President Obama’s nomination of Solicitor General Elena Kagan to fill the vacated Supreme Court seat of Justice Stevens has provided fascinating insight into the politics of Supreme Court appointments, as well as into media-reactions to them.
In 2005 President Bush nominated White House Counsel Harriet Miers to fill the Supreme Court seat formerly held by Justice Sandra Day O’Connor. Ms. Miers was an experienced lawyer and obviously a smart woman, but a media and political uproar erupted over her lack of judicial experience. She had never sat as an actual judge, at any level, so she immediately came under fire from media and political quarters alike. Ms. Miers had clerked for a judge and had litigated a few cases in courtrooms, but had never even argued Constitutional issues before the Supreme Court. Moreover, she had earned her Juris Doctor degree at Southern Methodist University – thus violating the unwritten rule that Supremes should be educated at “elite” universities; e.g., Harvard, Yale, etc. (This is sometimes called the Ivy Rule.)
In fact, much of the criticism of the Miers-nomination came from Mr. Bush’s own party. Conservatives, in particular, desired appointees of reliable “constructionist” pedigree, in order to avoid being snookered again by moderate-looking nominees who later turned into liberals. Ms. Miers’ thin paper trail left senators (and the public) without an unambiguous clue to her judicial disposition. She seemed like a nice lady, but “stealth liberal” was the fire-bell in the night that awoke conservatives and filled them with terror. Democrats grumbled a little about Ms. Miers being W’s “political crony,” but mostly they happily stood by while Republicans trashed their own president’s nominee. After several weeks, Ms. Miers asked Mr. Bush to withdraw her name to spare him further embarrassment.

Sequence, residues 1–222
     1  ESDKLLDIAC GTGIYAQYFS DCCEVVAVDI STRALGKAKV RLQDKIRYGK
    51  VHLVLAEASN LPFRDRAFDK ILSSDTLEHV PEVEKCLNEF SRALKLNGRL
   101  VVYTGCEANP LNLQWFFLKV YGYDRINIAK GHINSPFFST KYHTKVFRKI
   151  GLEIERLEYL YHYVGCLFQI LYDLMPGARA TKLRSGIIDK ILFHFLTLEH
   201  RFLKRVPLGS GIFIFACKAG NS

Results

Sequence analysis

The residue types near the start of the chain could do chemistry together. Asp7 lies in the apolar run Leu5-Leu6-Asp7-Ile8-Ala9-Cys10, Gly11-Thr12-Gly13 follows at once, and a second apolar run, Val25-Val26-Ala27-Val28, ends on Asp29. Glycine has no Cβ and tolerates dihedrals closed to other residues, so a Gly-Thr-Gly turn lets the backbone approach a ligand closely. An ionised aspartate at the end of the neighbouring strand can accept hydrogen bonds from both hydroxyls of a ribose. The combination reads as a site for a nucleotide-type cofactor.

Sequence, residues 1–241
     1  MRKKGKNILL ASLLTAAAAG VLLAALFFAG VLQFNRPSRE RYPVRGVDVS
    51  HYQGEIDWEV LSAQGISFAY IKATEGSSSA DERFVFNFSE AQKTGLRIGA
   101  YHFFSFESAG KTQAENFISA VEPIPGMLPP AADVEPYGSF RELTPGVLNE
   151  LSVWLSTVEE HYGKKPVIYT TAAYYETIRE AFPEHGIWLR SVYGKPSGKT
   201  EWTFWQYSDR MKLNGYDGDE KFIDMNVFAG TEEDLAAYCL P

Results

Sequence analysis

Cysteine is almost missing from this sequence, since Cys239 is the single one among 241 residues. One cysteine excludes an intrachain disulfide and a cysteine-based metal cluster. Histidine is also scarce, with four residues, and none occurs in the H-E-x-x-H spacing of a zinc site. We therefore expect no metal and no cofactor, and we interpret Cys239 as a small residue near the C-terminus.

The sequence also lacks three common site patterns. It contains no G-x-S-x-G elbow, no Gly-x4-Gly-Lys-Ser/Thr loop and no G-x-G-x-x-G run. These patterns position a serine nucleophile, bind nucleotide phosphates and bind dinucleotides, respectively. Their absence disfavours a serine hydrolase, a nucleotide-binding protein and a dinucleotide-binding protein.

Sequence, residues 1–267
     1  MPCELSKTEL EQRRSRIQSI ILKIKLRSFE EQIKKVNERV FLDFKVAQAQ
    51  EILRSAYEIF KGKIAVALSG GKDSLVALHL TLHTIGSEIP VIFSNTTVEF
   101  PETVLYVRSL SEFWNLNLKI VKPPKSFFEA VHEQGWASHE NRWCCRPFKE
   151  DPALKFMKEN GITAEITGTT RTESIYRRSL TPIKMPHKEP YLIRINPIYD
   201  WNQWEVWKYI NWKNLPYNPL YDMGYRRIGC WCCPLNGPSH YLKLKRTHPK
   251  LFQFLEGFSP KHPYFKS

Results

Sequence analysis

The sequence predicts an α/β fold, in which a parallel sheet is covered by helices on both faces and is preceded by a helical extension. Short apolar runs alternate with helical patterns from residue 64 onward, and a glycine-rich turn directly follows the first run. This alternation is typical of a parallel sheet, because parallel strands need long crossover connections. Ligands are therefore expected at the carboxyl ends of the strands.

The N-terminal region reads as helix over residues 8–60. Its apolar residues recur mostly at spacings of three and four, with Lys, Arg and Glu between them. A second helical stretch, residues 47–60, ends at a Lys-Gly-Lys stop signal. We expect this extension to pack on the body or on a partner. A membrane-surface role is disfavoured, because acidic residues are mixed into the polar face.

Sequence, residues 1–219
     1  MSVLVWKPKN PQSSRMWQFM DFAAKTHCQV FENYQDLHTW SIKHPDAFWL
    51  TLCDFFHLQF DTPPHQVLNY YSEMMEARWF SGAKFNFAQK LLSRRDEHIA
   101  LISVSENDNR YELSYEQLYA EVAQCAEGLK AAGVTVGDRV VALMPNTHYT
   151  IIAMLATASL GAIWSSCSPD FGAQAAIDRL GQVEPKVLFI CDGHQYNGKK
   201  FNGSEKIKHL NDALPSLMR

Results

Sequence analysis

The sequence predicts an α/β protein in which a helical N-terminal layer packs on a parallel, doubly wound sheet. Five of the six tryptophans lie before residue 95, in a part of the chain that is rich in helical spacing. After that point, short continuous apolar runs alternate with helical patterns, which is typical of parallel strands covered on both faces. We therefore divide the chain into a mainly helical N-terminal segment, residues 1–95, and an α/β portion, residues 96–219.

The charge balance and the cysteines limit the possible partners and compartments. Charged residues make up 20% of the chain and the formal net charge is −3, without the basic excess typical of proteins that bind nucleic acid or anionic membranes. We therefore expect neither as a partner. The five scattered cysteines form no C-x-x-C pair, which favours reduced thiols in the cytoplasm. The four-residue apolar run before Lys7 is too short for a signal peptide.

Would Harriet Miers have been an effective Justice on the Supreme Court? We’ll never know. I was not enthusiastic about her nomination because I knew her lack of judicial experience would cause problems. I also feared the “Souter Slip-slide” – a term derived from the example of little-known David Souter, who slid inexorably liberal after George HW appointed him to the Court in 1990. But Ms. Miers had served as W’s counsel during both his Texas governorship and his White House tenure. Presumably he knew her well, respected her counsel and trusted her. More than likely she could have done the job creditably.
For his part, Mr. Bush probably thought that nominating Ms. Miers would prevent a repeat of the Senate circus that Chief Justice John Roberts had recently endured. Judge Roberts’ legal record was impeccable, but he was grilled extensively on his attitude toward stare decisis on established Supreme Court precedent, especially with respect to abortion. His obvious disposition toward Strict Construction – i.e., respect for the original intent of the drafters of the Constitution and the writers of various laws – worried Democratic senators who feared that he might vote to overturn Roe v. Wade. He was finally confirmed, 78-22. All Republicans and the lone independent senator voted to confirm; Democrats split, 22-22, with Senators Clinton and Obama voting Nein.